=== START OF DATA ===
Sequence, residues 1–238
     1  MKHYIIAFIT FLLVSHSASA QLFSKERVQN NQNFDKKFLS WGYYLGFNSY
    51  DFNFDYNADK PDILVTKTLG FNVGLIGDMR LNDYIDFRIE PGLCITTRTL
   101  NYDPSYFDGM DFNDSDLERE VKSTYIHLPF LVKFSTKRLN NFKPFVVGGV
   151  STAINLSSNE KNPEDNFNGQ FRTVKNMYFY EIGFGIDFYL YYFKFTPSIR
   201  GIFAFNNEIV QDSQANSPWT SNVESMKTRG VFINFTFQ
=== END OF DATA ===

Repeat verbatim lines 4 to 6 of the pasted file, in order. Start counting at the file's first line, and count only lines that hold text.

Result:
   101  NYDPSYFDGM DFNDSDLERE VKSTYIHLPF LVKFSTKRLN NFKPFVVGGV
   151  STAINLSSNE KNPEDNFNGQ FRTVKNMYFY EIGFGIDFYL YYFKFTPSIR
   201  GIFAFNNEIV QDSQANSPWT SNVESMKTRG VFINFTFQ